It’s not a pretty sight: Water discharged by home toilets, restaurant dishwashers, agricultural runoff, manufacturing processes, and other large-scale industrial activities contain harmful petrochemicals, phosphates, nitrates, salt, mercury, lead, traces of pharmaceuticals, and a variety of other potentially harmful substances. Fortunately, a number of effective methods exist for purifying all that water. Which one to employ depends on which impurities are present, the contamination level, and how the treated water will be used. “If it will be used in industrial applications, complete purity may not matter as much; but if we want to drink it, it must be free of bacteria and other harmful substances,” says Anurag Bajpayee, a post-doctoral researcher in MIT’s NanoEngineering group. “For use in research, hospitals, or manufacturing of semiconductors in clean rooms, you need ultra-pure water.”
The most basic and inexpensive ways to purify water involve adding substances that allow the harmful bits to be easily removed. When chlorine gas or tablets are added to waste water, the chlorination kills the bacteria, and simple charcoal filters can remove some of the suspended solids, which might often be enough, explains Bajpayee. Other methods involve removing suspended solids using coagulating agents such as alum. The free bonds in the alum’s potassium and aluminum ions attach themselves to charged particles in the water, allowing them to coagulate and be easily removed.
Ultrafiltration and nanofiltration are processes through which contaminants are removed by using membranes with tiny pores. Made of organic compounds or polymers, the membranes allow water to pass through, but trap the larger solids. Reverse osmosis is a popular process used for home water purification, brackish water treatment, and seawater desalination. In an RO system, Bajpayee explains, a semi-permeable membrane separates contaminated water from pure water. Applying pressure to the contaminated water drives it to the other side of the membrane, leaving behind the salts in a highly concentrated brine. “You still have to dispose of that waste brine, but the purified water is often up to drinking standards,” he says.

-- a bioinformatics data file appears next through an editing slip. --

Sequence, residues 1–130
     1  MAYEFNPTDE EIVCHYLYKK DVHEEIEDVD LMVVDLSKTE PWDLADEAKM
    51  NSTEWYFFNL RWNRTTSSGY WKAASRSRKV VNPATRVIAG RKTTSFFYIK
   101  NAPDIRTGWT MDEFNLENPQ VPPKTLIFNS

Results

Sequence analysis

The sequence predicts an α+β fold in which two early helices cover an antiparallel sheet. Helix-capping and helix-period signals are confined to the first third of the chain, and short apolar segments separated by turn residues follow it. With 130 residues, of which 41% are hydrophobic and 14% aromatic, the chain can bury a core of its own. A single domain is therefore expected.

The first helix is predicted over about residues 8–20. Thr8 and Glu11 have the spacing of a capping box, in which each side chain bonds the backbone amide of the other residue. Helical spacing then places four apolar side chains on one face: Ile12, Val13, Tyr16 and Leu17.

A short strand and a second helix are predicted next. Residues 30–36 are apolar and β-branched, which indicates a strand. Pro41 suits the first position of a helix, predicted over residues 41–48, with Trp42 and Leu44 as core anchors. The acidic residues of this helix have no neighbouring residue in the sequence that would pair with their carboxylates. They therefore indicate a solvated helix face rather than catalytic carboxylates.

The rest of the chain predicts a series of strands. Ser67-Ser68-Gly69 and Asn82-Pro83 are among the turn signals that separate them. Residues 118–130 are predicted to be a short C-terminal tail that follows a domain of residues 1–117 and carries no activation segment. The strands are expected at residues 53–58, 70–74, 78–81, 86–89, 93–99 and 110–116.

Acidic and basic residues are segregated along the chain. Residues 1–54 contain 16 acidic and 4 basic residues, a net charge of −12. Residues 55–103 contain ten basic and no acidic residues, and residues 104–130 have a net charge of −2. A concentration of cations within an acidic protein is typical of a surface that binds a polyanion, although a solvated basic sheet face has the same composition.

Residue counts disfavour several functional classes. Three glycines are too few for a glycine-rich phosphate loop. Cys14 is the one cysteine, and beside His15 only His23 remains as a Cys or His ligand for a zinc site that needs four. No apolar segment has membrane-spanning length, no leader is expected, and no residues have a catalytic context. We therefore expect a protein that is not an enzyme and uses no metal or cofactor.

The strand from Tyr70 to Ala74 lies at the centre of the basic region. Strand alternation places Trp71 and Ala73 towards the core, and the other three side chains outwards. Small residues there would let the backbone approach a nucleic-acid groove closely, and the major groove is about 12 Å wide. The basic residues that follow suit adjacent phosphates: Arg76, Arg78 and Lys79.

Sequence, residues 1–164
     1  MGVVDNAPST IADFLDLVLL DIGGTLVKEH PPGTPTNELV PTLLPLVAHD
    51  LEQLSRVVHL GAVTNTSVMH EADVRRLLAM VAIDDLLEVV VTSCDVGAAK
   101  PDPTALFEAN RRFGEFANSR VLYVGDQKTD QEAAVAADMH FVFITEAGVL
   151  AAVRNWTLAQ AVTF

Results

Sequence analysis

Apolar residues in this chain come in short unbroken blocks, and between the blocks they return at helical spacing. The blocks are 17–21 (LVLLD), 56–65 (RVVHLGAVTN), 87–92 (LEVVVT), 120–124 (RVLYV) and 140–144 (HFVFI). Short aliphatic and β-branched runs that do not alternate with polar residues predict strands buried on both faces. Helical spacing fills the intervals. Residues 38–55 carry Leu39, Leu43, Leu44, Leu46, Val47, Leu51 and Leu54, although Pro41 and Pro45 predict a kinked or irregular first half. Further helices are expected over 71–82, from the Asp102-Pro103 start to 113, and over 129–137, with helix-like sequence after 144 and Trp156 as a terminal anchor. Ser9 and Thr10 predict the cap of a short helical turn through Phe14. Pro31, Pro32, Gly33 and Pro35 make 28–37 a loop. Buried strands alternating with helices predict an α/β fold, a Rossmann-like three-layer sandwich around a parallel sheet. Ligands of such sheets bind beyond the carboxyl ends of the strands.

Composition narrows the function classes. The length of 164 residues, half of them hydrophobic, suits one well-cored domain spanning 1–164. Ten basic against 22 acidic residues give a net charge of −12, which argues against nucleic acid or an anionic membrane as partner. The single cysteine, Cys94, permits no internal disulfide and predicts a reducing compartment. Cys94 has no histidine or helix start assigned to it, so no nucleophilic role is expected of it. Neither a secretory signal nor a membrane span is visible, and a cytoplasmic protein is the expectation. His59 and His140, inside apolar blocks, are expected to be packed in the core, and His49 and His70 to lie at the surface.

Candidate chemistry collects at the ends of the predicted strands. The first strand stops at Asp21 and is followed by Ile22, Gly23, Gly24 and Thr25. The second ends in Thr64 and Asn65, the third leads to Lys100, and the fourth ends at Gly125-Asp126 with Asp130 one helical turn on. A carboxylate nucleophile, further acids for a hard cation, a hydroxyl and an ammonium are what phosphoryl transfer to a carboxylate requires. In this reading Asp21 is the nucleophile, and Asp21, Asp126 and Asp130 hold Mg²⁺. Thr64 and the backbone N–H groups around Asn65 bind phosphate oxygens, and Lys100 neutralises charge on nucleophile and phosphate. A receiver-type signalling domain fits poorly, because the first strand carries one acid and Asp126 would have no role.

Membrane systems they have their limits. “RO can effectively only treat water with a maximum of 5 percent of total dissolved solids,” says Bajpayee. “When it’s higher than that, greater pressure is needed to push the water through to the pure side, which means higher energy consumption, which means high cost, not to mention membrane-fouling problems that arise with highly contaminated streams.”
Then there are distillation processes that essentially boil the water and condense it. Boiling, one of the earliest forms of water treatment, heats the water, which kills the bacteria. As the water boils off, impurities remain behind as a solid, and the pure water is re-condensed. Distillation, however, requires high energy consumption to supply the water with the latent heat of vaporization. Some practical distillation techniques are multi-stage flash (MSF), multi-effect distillation (MED), and mechanical vapor compression (MVC).
Recently, Bajpayee and his colleagues at MIT demonstrated a technology that dissolves the water in a directional solvent when it is heated. The water is separated from the contaminants that don’t dissolve in the solvent, and after it cools, pure water is recovered and the solvent is reused. Bajpayee’s technology, which was named a Top 10 World Changing Idea of 2012 by Scientific American, has enormous implications for treatment of highly contaminated waters such as those produced by unconventional oil and gas extraction methods. – Sarah Jensen
Thanks Rafael Orta of New York City for this question.